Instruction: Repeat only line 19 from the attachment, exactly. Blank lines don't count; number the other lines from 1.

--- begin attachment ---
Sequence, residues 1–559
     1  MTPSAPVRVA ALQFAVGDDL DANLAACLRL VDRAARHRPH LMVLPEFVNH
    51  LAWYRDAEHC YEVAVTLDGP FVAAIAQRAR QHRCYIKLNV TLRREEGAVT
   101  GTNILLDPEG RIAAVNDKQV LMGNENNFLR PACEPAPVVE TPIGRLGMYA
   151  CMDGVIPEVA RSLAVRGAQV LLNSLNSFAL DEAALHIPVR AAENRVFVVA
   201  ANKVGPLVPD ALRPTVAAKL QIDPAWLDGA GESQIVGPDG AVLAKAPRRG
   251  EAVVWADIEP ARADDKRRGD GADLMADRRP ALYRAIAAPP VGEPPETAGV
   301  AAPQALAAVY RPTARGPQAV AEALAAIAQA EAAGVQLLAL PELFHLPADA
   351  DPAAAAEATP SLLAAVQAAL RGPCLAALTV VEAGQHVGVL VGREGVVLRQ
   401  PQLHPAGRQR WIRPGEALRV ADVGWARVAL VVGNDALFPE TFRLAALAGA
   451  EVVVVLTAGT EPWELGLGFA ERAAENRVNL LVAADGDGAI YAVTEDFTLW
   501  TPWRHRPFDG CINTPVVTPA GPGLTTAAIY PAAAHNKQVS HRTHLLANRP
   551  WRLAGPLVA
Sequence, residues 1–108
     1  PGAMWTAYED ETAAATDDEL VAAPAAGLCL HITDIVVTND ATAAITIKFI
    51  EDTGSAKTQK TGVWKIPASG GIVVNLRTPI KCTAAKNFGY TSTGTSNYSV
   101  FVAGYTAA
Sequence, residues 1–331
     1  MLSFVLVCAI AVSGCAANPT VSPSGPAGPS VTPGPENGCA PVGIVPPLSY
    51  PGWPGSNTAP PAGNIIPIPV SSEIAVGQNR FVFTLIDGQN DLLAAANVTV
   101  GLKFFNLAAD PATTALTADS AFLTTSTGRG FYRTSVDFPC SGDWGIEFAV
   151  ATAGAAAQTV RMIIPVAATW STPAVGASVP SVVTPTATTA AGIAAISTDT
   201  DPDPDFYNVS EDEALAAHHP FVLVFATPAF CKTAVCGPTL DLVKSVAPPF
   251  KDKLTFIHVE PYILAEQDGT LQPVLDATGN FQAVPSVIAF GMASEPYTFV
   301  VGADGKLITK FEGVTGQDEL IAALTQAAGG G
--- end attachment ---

     1  MLSFVLVCAI AVSGCAANPT VSPSGPAGPS VTPGPENGCA PVGIVPPLSY